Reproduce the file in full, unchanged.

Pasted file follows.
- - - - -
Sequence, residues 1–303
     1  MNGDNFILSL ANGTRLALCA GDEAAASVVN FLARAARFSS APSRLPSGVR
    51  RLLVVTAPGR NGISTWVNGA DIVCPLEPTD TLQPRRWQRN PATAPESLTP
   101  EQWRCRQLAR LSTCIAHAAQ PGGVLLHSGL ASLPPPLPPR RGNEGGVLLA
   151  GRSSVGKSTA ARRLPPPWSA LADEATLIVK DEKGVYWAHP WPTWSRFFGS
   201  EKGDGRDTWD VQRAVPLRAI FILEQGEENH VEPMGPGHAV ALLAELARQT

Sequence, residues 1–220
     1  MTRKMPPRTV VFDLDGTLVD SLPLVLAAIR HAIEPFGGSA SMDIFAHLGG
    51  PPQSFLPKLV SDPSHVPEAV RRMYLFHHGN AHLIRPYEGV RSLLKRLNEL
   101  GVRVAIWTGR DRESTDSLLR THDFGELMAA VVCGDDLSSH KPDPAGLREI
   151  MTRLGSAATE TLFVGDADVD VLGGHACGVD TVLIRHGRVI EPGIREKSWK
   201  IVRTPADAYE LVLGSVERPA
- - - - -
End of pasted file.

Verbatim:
Sequence, residues 1–303
     1  MNGDNFILSL ANGTRLALCA GDEAAASVVN FLARAARFSS APSRLPSGVR
    51  RLLVVTAPGR NGISTWVNGA DIVCPLEPTD TLQPRRWQRN PATAPESLTP
   101  EQWRCRQLAR LSTCIAHAAQ PGGVLLHSGL ASLPPPLPPR RGNEGGVLLA
   151  GRSSVGKSTA ARRLPPPWSA LADEATLIVK DEKGVYWAHP WPTWSRFFGS
   201  EKGDGRDTWD VQRAVPLRAI FILEQGEENH VEPMGPGHAV ALLAELARQT

Sequence, residues 1–220
     1  MTRKMPPRTV VFDLDGTLVD SLPLVLAAIR HAIEPFGGSA SMDIFAHLGG
    51  PPQSFLPKLV SDPSHVPEAV RRMYLFHHGN AHLIRPYEGV RSLLKRLNEL
   101  GVRVAIWTGR DRESTDSLLR THDFGELMAA VVCGDDLSSH KPDPAGLREI
   151  MTRLGSAATE TLFVGDADVD VLGGHACGVD TVLIRHGRVI EPGIREKSWK
   201  IVRTPADAYE LVLGSVERPA